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Sunday, October 23, 2011

Text Formatting Tags



Text Formatting Tags

                                                                        
In the following table, some Text formatting tags are listed:

Tag                                   Description

<html>                                     Defines an HTML document

<body>                                    Defines the document's body

<h1> to <h6>                            Defines header 1 to header 6

<p>                                         Defines a paragraph

<br>                                        Inserts a single line break

<hr>                                        Defines a horizontal rule

<!-->                                       Defines a comment

<b>                                         Defines bold text

<big>                                       Defines big text

<i>                                          Defines italic text

<small>                                    Defines small text

<sub>                                      Defines subscripted text

<sup>                                      Defines superscripted text

<strike>                                   Deprecated. Use <del> instead

<u>                                         Deprecated. Use styles instead

         Character Entities:

Some characters have a special meaning in HTML, like the less than sign (<) that defines the start of an HTML tag. If we want the browser to actually display these characters we must insert character entities in the HTML source.

A character entity has three parts: an ampersand (&), an entity name or a # and an entity number, and finally a semicolon (;).

To display a less than sign in an HTML document we must write: &lt; or &#60;

The advantage of using a name instead of a number is that a name is easier to remember. The disadvantage is that not all browsers support the newest entity names, while the support for entity numbers is very good in almost all browsers.

Note that the entities are case sensitive.

The Most Common Character Entities:

Result                  Description                               Entity Name                                   Entity Number
                            Non-breaking space                   &nbsp;                                               &#160;
<                          Less than                                   &lt;                                                    &#60;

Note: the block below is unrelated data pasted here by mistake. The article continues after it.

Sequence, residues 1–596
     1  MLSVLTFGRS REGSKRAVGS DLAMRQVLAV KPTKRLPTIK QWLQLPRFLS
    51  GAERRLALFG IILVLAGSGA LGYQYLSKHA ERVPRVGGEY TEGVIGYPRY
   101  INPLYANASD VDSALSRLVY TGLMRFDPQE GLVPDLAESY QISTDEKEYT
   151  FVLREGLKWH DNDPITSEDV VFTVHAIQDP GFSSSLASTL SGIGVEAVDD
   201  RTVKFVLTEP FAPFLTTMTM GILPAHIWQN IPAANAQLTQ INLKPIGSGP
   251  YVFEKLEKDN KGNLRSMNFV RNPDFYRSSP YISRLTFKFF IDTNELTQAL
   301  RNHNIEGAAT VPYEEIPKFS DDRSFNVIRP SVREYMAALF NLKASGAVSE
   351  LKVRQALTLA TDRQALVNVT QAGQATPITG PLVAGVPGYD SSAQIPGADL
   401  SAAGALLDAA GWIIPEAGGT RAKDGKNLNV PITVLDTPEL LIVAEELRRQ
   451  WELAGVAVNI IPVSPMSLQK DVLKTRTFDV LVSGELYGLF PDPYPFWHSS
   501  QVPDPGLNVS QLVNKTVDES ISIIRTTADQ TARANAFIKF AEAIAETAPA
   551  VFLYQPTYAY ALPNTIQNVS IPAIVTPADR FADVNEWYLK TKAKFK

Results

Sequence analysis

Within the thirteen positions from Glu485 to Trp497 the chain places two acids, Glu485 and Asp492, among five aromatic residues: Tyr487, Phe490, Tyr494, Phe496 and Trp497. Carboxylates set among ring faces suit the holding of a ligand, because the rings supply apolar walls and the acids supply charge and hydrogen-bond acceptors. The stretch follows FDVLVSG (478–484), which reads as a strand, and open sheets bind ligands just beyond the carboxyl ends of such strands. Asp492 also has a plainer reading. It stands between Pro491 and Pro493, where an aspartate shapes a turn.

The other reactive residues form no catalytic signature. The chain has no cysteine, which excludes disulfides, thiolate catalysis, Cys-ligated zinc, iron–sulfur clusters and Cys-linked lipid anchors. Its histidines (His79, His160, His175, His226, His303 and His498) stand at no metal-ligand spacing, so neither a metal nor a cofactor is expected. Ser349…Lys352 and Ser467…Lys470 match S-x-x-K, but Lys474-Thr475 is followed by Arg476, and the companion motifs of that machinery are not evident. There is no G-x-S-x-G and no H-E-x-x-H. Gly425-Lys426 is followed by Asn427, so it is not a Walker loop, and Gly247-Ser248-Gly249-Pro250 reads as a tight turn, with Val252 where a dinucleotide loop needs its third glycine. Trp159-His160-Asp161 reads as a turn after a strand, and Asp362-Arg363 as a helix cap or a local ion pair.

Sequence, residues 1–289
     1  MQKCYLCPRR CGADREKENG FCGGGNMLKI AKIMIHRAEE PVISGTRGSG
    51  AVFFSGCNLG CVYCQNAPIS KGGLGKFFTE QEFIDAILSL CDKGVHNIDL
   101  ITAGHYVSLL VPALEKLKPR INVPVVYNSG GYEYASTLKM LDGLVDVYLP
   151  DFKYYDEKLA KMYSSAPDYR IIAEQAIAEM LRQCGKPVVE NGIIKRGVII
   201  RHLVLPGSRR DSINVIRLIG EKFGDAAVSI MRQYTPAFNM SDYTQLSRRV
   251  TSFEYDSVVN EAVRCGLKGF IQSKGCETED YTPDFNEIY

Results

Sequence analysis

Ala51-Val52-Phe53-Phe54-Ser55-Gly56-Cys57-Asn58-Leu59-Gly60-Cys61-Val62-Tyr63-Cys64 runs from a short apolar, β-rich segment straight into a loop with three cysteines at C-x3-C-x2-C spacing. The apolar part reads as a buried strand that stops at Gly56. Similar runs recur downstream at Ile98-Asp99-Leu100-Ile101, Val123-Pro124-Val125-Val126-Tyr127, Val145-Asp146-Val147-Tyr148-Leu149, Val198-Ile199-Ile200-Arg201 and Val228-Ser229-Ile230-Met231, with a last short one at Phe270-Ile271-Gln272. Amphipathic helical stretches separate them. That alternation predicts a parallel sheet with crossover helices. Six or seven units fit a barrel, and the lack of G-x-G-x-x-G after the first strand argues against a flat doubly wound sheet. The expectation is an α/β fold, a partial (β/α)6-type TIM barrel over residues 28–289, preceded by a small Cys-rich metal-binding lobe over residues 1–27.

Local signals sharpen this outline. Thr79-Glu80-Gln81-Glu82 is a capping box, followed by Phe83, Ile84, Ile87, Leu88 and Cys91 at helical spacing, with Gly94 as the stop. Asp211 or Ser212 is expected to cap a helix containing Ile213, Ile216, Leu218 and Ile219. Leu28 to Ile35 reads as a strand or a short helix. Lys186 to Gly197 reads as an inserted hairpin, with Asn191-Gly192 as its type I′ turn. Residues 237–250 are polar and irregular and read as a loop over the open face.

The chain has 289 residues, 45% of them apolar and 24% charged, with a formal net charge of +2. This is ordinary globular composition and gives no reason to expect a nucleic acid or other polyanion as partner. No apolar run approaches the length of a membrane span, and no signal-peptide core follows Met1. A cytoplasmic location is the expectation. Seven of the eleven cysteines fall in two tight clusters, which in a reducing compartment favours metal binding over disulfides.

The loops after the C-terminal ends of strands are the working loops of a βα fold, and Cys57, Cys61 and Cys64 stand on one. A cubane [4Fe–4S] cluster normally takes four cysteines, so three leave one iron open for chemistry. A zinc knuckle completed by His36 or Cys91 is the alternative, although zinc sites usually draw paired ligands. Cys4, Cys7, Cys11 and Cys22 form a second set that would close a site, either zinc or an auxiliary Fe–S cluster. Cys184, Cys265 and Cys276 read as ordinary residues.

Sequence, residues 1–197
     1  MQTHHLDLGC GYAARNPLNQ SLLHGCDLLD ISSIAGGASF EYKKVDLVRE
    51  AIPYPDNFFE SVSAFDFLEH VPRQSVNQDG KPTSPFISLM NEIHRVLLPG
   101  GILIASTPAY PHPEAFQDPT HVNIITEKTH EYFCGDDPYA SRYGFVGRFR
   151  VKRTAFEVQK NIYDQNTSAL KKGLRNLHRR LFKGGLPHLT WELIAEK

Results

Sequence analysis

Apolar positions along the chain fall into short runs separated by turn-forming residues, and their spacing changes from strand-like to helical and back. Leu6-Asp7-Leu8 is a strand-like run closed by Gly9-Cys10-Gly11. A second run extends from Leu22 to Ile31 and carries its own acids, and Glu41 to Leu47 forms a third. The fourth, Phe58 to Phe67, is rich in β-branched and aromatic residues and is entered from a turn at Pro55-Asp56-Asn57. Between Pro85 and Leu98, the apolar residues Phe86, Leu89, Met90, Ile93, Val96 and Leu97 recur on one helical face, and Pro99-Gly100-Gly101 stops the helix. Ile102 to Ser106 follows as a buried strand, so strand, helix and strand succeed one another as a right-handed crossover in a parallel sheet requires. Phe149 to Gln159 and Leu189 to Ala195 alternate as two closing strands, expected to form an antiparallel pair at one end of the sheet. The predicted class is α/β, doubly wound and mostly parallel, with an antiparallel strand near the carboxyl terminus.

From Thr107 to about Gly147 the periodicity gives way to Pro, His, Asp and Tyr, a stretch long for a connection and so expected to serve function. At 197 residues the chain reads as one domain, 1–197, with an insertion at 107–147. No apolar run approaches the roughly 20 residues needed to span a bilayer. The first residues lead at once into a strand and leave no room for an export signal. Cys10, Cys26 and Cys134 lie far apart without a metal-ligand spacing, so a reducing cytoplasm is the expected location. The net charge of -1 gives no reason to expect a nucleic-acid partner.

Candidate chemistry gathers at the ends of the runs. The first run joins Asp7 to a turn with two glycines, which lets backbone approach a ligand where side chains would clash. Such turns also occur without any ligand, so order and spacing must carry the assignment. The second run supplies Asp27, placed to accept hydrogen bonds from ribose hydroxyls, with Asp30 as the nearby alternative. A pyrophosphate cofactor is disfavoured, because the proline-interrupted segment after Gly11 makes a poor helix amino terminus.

>                         Greater than                               &gt;                                                   &#62;
&                         ampersand                                 &amp;                                                &#38;
?                          Quotation mark                          &quot;                                                &#34;
'                           apostrophe                                &apos;(does not work in IE)                  &#39;  

Some Other Commonly Used Character Entities:

Result                  Description                               Entity Name                                   Entity Number
©                           Copyright                                  &copy;                                               &#169;
®                           registered trademark                 &reg;                                                 &#174;
£                           pound                                        &pound;                                             &#163;

The Anchor Tag and the href Attribute:

HTML uses the <a> (anchor) tag to create a link to another document.

An anchor can point to any resource on the Web: an HTML page, an image, a sound file, a movie, etc.

The syntax of creating an anchor:
<a href="url">Text to be displayed</a>
The <a> tag is used to create an anchor to link from, the href attribute is used to address the document to link to, and the words between the open and close of the anchor tag will be displayed as a hyperlink.

This anchor defines a link to a blog:
<a href=”http://www.durgapuja-inpic.blogspot.com” target=”_blank” >Visit My Blog</a>


With the target attribute, you can define where the linked document will be opened. The above line will open the document in a new browser window. There are four values for target attribute. i.e.

  1. _blank - the target URL will open in a new window
  1. _self - the target URL will open in the same frame as it was clicked. Frame will be discussed later.
  1. _parent - the target URL will open in the parent frameset
  1. _top - the target URL will open in the full body of the window


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